by Jim Supica, NRA Museums Director - Friday, October 21, 2016
The Smith & Wesson Model Number One, introduced in 1857, was manufactured in various forms through 1881. This minuscule weapon marked both the beginning of the era of the self‑contained cartridge and the beginning of the firm of Smith & Wesson. Both legacies continue to this day.
Samuel Colt’s revolver, introduced in the late 1830s, revolutionized firearms technology by providing a reliable repeating mechanism. Like other guns of the era, the Colts had to be loaded by packing each of the chambers with loose black powder and a lead ball, followed by placing a percussion cap on the nipple of each chamber. Six shots in rapid succession was a great leap forward, but the reloading process was cumbersome and time consuming.
Pre‑loading the ball and powder into fragile paper cartridges would speed things up somewhat, but not much. What was needed was a repeating gun that would chamber a self‑contained cartridge that would stand up to the rigors of weather and rough handling and could be quickly loaded and unloaded. The first Smith & Wesson partnership took a preliminary stab at the problem with their lever-action repeating pistol.
Meanwhile, in Europe progress was being made toward developing self‑contained cartridges using a metal case to hold the powder and/or primer. Both pinfire cartridges, wherein a firing pin protruded from each cartridge, and flobert cartridges, an underpowered early rimfire type concept, showed some promise.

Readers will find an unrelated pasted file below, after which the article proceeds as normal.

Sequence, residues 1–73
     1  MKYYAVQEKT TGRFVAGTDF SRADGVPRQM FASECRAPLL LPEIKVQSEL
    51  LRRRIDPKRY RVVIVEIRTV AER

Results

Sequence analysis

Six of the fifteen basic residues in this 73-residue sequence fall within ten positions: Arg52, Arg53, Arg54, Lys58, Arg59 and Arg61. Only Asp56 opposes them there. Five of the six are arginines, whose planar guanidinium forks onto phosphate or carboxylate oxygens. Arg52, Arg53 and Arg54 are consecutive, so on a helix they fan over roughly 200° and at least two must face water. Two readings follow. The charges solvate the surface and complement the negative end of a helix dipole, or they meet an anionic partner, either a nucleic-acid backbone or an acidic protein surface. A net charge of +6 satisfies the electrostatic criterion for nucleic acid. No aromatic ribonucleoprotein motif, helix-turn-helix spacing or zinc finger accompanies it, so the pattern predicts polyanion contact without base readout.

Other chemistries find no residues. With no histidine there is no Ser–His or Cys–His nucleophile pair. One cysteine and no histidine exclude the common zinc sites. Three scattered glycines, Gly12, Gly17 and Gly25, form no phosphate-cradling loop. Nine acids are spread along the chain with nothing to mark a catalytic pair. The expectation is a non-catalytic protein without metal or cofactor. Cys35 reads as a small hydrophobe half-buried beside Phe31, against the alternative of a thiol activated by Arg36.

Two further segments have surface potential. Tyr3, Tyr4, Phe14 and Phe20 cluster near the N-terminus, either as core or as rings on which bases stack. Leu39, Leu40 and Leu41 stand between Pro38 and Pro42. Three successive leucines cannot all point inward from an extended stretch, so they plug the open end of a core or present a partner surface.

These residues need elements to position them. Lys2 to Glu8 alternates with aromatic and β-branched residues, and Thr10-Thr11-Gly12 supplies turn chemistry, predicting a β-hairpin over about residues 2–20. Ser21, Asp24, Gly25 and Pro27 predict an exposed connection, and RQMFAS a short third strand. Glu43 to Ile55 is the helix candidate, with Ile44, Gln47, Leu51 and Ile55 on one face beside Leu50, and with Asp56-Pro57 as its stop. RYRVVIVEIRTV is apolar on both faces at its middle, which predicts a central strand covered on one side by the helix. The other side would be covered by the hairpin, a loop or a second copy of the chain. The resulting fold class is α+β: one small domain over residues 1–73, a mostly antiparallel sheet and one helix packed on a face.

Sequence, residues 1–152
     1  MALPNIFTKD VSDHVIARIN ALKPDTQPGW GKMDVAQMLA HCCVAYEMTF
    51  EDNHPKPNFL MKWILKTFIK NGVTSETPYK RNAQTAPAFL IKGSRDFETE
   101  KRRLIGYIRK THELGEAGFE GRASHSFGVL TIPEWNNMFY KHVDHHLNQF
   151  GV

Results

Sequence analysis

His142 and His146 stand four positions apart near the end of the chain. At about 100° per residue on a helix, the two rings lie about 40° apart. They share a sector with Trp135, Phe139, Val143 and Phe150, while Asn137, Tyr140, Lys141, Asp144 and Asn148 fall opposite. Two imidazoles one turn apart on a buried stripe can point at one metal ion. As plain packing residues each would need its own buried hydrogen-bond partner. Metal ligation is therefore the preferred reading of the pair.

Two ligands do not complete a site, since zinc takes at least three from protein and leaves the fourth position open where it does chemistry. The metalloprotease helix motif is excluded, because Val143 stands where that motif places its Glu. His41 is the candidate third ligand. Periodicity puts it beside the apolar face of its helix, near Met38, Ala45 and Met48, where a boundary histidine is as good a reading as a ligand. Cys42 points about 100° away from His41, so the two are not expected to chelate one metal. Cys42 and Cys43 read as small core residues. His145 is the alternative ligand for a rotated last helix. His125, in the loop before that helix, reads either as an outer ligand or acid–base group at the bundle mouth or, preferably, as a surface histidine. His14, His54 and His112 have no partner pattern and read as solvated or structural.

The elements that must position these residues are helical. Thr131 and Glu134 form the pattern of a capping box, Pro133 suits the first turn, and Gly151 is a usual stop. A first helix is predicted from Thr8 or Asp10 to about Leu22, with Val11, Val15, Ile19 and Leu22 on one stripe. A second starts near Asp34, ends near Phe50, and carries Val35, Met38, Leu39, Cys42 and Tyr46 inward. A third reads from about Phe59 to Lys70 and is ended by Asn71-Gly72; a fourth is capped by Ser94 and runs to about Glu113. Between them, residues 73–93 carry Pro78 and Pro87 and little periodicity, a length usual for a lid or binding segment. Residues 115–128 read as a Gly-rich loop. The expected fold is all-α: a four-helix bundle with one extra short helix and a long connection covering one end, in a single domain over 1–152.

Slowing development in the U.S. was the fact that Colt held an exclusive patent for the revolving mechanism necessary to make an effective revolver. When that patent expired, D. B. Wesson invented the .22 rimfire cartridge and a small seven‑shot spur trigger revolver to fire it. Smith and Wesson teamed up again to manufacture the new type of gun.
(Photo courtesy/Gun Digest)
One impediment proved to be that the concept of a revolver cylinder bored through from one end to the other had been previously patented by one Rollin White. White had patented the bored through cylinder incidental to a plan to improve Colt’s revolver. Colt had not been interested in White’s concept.
Smith & Wesson soon purchased the right to use the Rollin White patent and began manufacture. The White patent provided S&W with a virtual monopoly on the manufacture of effective cartridge revolvers through 1872.
Smith and Wesson called their little .22 rimfire cartridge the Number One cartridge -- a name that came to be applied to the gun that fired it. The cartridge was essentially the same as the .22 short that is still sold today. However, modern smokeless ammunition should never be fired in these little old .22s. [In terms of rimfire ammunition,] The Model Number One is the gun that started it all.Copyright, Jim Supica and Richard Nahas - used by permission. Opinions are those of the authors and not necessarily those of NRA or the National Firearms Museum.